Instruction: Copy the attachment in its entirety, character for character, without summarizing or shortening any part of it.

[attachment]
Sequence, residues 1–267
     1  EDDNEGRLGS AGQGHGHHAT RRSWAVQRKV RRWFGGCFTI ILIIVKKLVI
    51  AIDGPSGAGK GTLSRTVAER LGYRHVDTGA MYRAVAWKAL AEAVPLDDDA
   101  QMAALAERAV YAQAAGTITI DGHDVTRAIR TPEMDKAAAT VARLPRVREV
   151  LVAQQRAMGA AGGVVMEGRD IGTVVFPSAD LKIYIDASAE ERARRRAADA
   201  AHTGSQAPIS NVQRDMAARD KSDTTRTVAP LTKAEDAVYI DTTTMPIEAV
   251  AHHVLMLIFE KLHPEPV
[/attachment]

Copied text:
Sequence, residues 1–267
     1  EDDNEGRLGS AGQGHGHHAT RRSWAVQRKV RRWFGGCFTI ILIIVKKLVI
    51  AIDGPSGAGK GTLSRTVAER LGYRHVDTGA MYRAVAWKAL AEAVPLDDDA
   101  QMAALAERAV YAQAAGTITI DGHDVTRAIR TPEMDKAAAT VARLPRVREV
   151  LVAQQRAMGA AGGVVMEGRD IGTVVFPSAD LKIYIDASAE ERARRRAADA
   201  AHTGSQAPIS NVQRDMAARD KSDTTRTVAP LTKAEDAVYI DTTTMPIEAV
   251  AHHVLMLIFE KLHPEPV